One shortcoming of CPP-based nucleic acid drugs delivery is the general lack of target specificity. Two controlled delivery strategies were devised to selectively target cancer cells. Active targeting by the addition of a binding moiety (antibody or tumor-homing peptide) ensures specific attachment of CPP-nucleic acid complexes to target molecules overexpressed on the cancer cell surface.3,12–14 However, this strategy has problems: 1) adding a targeting moiety will not eliminate the uptake ability of CPP cargos by normal cells, which often causes undesired side effects;3 2) sometimes the delivery efficacy is lost or the internalization mode is altered when CPP cargos are coupled to the targeting moiety.13 Passive targeting of CPP-based nucleic acid complexes is frequently pursued through changing properties (eg, enhanced permeability and retention effect) caused by a reaction with endogenous microenvironment factors (eg, pH, enzyme) at tumor sites. Although attaining encouraging results, these passive targeting practices are still limited by the spatial distribution of the tumor microenvironment.8,11,12,15,16 Therefore, novel approaches to enhance the targeting efficiency of CPP-delivered nucleic acid drugs specifically to tumors are urgent.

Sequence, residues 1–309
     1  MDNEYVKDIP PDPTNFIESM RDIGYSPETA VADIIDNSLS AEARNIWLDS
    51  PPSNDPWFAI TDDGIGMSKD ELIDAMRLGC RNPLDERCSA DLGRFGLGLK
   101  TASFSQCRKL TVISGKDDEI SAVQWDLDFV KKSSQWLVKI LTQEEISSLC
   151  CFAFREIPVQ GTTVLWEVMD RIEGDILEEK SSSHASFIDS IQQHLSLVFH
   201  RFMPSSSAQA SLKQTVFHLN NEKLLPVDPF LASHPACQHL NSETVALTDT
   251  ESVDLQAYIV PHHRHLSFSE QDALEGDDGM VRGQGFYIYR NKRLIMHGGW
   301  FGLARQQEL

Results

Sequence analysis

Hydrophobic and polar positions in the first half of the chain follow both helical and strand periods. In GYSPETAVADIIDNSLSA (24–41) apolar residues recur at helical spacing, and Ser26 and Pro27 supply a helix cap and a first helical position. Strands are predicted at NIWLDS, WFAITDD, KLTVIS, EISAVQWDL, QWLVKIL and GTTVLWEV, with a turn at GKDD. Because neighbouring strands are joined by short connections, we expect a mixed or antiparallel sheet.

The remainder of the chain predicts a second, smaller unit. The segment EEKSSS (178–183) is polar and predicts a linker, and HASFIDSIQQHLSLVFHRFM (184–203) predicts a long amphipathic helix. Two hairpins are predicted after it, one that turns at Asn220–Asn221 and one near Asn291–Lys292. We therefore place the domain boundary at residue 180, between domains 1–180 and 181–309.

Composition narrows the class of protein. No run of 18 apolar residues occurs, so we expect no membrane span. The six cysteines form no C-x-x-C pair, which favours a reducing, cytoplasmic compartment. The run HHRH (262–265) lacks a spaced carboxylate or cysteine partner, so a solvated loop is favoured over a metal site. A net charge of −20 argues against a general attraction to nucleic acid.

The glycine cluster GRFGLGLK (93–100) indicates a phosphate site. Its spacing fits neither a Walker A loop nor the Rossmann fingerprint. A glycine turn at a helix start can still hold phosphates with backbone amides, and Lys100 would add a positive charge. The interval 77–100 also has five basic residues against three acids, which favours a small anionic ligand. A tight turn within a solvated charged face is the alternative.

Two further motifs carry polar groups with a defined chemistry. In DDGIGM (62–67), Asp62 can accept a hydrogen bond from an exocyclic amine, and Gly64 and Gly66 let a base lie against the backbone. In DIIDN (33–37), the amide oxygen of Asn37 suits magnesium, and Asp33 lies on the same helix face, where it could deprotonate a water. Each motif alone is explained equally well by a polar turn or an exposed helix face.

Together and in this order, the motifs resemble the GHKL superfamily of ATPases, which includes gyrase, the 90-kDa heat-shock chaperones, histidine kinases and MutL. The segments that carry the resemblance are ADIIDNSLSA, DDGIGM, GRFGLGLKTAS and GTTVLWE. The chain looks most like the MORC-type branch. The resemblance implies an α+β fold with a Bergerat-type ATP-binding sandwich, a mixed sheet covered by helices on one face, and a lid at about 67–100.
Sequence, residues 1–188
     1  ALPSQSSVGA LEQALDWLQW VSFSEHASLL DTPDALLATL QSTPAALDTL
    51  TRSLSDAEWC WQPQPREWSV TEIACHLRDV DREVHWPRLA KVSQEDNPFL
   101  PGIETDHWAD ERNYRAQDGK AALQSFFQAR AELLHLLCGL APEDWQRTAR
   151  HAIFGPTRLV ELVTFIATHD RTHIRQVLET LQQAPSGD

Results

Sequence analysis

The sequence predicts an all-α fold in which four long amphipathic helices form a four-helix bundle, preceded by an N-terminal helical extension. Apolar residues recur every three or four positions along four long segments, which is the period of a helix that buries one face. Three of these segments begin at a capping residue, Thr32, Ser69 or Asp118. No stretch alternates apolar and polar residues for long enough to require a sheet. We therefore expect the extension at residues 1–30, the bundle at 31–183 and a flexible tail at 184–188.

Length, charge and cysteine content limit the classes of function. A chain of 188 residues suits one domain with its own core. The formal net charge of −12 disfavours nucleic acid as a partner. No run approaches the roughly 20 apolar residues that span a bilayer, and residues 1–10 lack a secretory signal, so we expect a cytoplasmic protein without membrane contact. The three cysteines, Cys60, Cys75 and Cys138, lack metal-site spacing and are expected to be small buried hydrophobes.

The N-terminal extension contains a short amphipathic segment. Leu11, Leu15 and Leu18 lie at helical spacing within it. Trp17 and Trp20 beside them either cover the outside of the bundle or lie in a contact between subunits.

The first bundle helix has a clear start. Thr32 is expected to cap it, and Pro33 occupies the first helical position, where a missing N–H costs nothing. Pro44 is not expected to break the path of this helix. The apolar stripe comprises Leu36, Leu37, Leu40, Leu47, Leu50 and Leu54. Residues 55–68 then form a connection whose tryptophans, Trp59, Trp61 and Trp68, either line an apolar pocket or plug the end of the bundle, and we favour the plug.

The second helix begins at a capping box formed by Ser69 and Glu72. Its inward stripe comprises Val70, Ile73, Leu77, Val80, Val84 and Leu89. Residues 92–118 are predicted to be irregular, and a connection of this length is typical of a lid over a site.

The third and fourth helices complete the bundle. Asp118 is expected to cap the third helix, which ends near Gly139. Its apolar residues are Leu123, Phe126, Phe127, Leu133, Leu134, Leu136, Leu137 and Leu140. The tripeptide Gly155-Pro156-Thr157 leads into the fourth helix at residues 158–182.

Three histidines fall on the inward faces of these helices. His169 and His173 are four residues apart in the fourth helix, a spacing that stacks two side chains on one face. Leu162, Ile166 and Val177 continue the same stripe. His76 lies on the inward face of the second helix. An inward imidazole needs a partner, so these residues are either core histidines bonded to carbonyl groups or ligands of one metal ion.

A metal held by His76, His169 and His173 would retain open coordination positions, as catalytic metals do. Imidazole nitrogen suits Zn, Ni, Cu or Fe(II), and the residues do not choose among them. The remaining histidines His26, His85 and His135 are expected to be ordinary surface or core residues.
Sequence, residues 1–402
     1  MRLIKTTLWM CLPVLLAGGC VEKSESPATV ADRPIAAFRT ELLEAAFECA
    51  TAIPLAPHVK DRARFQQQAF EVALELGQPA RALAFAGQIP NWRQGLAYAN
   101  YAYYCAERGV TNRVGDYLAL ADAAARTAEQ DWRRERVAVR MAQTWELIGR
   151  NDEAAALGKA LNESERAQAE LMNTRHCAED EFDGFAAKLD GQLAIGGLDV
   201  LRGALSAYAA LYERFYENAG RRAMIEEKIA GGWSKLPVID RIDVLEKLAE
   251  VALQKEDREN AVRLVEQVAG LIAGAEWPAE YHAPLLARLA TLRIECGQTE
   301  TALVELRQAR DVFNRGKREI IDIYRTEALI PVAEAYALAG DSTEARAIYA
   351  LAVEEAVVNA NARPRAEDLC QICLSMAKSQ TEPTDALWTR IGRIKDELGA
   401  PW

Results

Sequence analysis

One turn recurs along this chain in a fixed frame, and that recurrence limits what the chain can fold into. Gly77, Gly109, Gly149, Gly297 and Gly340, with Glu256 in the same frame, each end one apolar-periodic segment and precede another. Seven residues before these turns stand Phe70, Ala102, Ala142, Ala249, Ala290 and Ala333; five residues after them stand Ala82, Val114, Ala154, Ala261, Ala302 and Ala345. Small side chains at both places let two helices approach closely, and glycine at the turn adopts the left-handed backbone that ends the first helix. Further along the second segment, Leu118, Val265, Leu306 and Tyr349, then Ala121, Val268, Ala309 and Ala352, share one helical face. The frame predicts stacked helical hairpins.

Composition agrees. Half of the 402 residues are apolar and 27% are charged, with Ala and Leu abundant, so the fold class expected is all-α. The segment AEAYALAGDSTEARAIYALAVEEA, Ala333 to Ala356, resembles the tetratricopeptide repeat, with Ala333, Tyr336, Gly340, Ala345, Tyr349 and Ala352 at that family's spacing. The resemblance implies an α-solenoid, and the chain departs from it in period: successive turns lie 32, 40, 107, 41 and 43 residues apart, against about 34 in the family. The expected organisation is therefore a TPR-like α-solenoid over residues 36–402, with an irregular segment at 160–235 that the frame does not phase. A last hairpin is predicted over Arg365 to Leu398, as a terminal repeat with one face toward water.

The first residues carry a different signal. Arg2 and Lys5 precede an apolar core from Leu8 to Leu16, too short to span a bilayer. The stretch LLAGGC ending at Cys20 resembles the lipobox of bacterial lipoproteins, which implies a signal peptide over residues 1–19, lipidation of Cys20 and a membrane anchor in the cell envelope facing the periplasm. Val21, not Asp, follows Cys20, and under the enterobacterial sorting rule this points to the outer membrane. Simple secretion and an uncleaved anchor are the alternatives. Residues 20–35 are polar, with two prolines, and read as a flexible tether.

It has long been noticed that different cell lines use differed endocytosis pathways for Tat-pDNA complex uptake. The uptake of the Tat-pCMVL complex is mainly through caveolae-mediated endocytosis (CvME) in human liver cancer and hamster ovary cells. In contrast, under the same condition, no CvME of the Tat-pCMVL complex by monkey kidney epithelial cells was observed.15 Different uptake mechanisms of the Tat-pEGFPLuc complex were also observed among human cervix cancer cells, monkey kidney fibroblasts, and mouse embryonic fibroblasts.16 These cell-type-specific variations in the endocytosis pathway seem to strongly depend on cell properties. In most cases, clathrin-mediated endocytosis (CME) and CvME were frequently observed in the uptake of Tat-pDNA complexes. However, macropinocytosis has also been found in some cases to be the dominating pathway.17,18 Considering that macropinocytosis is a nonselective fluid phase endocytosis that can occur in all cell lines19–21 and that dominating macropinocytosis occurs in certain cell types implies that there might be some specific factors driving macropinocytosis enhancement. Such an aspect may be exploited to confer the selectivity for targeted delivery of Tat-pDNA complexes.